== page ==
It's good to be back in the glass-enclosed brain center of the Biscuit City studios. There has been a little renovation work going on here while we were on spring break this past week. The old carpet is gone, although the new one is not in yet, and the chair where I sit writing this has a new vinyl pad under it to keep from scraping the hardwood floors. Unfortunately, the studio was built by the lowest bidder, which means that the floors aren't exactly level. I sit down in the chair and it goes rolling back to the side wall. Not exactly what I had planned, but a nice trip anyhow.
My brother Ron is a wonderful renovator and repair man (even fixes acoustic guitars), and he says that projects have puppies. By this he means that you start out fixing one thing which causes something else to break or not work correctly so that you're then working on two puppies from the original case. Or a project has puppies by not going as you expected it to.
I started a project this weekend using landscape timbers for edging the front of our front azalea bed. I had had experience last year with building some raised beds for a couple of hydrangeas so I figured it wouldn't be that hard to run 40 or so feet of the timbers, one atop another to form a wall, across the front of the bed.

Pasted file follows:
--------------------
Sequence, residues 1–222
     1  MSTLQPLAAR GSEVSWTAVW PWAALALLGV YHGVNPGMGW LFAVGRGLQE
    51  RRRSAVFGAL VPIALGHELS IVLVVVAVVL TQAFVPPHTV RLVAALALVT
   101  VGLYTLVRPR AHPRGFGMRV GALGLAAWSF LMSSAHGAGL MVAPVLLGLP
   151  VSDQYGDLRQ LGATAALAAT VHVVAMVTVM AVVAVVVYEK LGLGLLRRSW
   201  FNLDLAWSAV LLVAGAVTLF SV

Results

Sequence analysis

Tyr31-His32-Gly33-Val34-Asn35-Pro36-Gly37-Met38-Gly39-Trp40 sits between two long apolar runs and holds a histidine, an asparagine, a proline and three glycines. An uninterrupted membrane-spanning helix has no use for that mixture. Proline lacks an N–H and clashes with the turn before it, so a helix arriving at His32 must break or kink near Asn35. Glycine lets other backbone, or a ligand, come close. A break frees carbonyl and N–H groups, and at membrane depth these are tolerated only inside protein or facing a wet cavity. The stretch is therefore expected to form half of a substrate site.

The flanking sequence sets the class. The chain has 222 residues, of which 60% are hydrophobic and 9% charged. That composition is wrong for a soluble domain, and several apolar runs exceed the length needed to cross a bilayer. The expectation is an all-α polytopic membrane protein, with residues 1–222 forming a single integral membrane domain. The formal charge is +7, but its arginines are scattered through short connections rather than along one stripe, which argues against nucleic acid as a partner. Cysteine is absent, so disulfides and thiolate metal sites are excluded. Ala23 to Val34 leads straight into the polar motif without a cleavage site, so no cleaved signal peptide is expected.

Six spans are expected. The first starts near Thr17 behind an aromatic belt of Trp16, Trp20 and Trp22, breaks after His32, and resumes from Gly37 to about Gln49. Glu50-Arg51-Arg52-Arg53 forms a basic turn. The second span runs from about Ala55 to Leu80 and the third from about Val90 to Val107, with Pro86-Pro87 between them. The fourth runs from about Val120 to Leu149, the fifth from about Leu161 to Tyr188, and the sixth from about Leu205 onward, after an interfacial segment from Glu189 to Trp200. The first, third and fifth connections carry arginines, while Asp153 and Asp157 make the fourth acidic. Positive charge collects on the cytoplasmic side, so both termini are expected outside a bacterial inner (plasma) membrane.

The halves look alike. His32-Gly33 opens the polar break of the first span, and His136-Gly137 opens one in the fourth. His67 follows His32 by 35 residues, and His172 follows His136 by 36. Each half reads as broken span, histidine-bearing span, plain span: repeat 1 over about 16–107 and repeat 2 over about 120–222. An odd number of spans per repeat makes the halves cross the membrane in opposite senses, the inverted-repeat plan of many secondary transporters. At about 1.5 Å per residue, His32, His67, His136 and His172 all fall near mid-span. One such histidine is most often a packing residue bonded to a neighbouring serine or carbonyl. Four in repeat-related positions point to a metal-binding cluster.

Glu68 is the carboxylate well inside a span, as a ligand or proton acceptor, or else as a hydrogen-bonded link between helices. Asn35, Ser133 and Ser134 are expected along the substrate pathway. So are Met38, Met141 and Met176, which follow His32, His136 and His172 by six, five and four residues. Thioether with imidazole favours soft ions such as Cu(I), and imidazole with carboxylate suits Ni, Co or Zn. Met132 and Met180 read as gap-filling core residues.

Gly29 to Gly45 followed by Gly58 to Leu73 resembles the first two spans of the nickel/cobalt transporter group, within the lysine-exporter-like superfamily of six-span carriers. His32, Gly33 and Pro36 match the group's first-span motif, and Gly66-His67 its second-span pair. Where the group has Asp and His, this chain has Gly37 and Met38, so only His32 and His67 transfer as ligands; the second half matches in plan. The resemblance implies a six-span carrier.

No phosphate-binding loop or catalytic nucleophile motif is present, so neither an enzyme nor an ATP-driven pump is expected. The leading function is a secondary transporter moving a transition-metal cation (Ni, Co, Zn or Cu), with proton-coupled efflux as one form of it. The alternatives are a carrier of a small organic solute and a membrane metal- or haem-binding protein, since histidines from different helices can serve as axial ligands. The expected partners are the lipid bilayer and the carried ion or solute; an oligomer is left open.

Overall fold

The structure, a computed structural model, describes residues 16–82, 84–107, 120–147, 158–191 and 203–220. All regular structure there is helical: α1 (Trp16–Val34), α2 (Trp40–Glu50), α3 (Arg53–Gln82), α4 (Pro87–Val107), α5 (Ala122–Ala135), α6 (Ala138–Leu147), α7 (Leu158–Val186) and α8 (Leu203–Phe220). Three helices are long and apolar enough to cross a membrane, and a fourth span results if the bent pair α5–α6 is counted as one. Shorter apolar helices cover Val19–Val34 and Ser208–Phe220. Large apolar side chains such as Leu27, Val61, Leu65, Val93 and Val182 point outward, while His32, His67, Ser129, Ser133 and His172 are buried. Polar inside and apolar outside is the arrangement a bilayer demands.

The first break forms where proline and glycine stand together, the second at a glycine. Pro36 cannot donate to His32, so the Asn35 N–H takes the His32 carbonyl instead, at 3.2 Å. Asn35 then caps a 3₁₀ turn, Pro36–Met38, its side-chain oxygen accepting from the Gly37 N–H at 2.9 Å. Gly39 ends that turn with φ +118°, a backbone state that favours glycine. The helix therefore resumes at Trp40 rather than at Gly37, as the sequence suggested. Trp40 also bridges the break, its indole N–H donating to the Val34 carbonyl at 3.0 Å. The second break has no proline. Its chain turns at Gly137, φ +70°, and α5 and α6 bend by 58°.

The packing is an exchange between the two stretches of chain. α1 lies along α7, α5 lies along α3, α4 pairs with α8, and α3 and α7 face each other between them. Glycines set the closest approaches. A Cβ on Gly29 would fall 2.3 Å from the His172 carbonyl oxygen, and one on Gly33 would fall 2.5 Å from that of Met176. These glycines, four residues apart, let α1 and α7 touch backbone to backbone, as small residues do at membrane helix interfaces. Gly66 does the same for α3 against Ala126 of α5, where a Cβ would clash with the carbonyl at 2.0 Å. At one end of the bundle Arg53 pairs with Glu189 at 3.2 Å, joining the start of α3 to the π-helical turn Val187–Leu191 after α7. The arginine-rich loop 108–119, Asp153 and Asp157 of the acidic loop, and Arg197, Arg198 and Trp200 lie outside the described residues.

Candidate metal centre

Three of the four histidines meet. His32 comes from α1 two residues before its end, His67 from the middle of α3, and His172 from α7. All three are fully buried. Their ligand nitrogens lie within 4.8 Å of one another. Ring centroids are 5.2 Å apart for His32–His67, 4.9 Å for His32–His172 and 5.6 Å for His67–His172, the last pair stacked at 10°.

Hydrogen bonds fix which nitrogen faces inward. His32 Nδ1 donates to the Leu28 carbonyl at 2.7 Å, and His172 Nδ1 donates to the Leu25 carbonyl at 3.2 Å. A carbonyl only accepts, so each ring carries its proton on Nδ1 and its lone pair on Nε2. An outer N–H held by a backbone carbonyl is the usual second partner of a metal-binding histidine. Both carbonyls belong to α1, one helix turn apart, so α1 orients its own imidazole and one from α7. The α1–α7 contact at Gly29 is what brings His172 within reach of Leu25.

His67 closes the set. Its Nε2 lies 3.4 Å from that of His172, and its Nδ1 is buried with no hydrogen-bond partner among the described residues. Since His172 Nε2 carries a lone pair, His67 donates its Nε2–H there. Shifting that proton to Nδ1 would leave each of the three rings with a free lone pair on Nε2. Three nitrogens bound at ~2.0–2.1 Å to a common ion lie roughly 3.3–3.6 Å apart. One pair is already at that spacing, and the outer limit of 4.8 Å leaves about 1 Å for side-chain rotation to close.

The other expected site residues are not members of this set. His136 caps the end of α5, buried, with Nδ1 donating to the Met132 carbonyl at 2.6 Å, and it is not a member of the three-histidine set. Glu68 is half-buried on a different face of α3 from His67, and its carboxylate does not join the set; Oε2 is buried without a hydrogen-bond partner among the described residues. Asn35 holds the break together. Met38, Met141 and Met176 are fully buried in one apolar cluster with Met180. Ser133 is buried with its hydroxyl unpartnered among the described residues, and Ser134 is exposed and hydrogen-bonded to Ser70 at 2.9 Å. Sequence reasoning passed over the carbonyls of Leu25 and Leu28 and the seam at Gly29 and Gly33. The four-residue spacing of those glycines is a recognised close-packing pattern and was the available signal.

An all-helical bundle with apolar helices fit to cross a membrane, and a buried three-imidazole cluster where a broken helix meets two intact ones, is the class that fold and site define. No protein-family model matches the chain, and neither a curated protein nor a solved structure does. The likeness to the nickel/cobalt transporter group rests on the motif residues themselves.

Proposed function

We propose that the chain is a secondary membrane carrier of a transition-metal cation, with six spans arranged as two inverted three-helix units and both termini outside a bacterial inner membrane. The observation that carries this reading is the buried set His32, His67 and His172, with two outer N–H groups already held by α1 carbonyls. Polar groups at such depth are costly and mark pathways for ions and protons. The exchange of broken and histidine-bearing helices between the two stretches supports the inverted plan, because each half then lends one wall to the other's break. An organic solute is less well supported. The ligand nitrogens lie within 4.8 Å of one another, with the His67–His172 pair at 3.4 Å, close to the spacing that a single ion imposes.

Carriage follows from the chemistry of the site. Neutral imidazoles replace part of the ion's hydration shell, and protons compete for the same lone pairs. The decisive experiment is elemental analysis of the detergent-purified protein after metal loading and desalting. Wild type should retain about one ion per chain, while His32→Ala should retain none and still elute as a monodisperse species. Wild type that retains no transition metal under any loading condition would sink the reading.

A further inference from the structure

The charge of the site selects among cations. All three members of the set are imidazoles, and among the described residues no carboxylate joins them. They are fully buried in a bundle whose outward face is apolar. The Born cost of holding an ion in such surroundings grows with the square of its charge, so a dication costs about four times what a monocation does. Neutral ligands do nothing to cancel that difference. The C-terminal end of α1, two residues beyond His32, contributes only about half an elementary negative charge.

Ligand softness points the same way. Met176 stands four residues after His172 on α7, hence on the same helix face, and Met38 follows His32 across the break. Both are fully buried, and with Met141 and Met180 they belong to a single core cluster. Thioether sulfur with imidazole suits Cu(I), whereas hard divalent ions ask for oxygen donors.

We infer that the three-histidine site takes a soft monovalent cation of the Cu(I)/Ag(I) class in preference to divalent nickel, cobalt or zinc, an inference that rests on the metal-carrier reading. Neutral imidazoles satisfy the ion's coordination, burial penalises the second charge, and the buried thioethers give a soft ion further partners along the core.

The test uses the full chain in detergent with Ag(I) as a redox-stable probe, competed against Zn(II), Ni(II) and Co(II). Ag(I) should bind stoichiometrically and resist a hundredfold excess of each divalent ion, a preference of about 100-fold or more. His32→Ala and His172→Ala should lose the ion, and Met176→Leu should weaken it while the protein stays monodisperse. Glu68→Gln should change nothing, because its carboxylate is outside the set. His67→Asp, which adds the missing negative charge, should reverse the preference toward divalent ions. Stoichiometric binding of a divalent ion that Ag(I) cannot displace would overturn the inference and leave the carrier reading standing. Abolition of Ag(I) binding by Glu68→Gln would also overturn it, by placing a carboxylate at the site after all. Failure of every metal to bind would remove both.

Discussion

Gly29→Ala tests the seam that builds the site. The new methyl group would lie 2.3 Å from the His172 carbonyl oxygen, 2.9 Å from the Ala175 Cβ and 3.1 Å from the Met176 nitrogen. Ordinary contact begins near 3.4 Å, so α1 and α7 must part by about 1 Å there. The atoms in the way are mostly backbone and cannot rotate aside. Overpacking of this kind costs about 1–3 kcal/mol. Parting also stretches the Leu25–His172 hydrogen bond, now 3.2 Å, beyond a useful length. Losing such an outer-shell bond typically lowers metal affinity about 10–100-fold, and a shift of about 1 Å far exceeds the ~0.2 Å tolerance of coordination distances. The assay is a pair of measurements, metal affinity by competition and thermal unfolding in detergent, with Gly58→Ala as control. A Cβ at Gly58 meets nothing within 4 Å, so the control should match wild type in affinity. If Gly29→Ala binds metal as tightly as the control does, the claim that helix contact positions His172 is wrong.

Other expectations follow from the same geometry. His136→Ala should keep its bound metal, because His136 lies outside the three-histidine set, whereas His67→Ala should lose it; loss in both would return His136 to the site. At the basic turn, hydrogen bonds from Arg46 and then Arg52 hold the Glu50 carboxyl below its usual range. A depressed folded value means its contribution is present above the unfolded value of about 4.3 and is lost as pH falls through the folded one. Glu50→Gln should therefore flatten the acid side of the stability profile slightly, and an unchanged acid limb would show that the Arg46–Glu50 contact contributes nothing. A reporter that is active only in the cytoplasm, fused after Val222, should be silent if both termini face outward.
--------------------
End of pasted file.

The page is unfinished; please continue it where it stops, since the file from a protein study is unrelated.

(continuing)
Wrong again. The problem is that with the raised bed I was using about six-foot lengths of the lumber. The present project uses eight-foot lengths which have an unfortunate tendency to curl, twist and bend when placed in some semblance of a wall. I can pry and persuade and force them into place but that's a whole lot more work than I thought it would be. The thought project puppy. Now there's an app we can all do without!
Right now my "retaining wall" looks like strands of spaghetti at the end with the timbers going every which way. I'll take a picture for illustrative purposes. But I'll get them into line with a combination of foot-long pieces of rebar, a bunch of six-inch lag screws, a long pry bar, some muscle (such as it is), most likely some personal injury (I manage to whang myself with the pry bar at least once during such proceedings--look for the mark on my forehead--ouch!), American ingenuity and some German persistence courtesy of my ancestors. Or, as my mother used to say, "Persistence or stupidity: I don't know which it is with you."
And a couple of shots of completed sections where the timbers have been "persuaded" into place.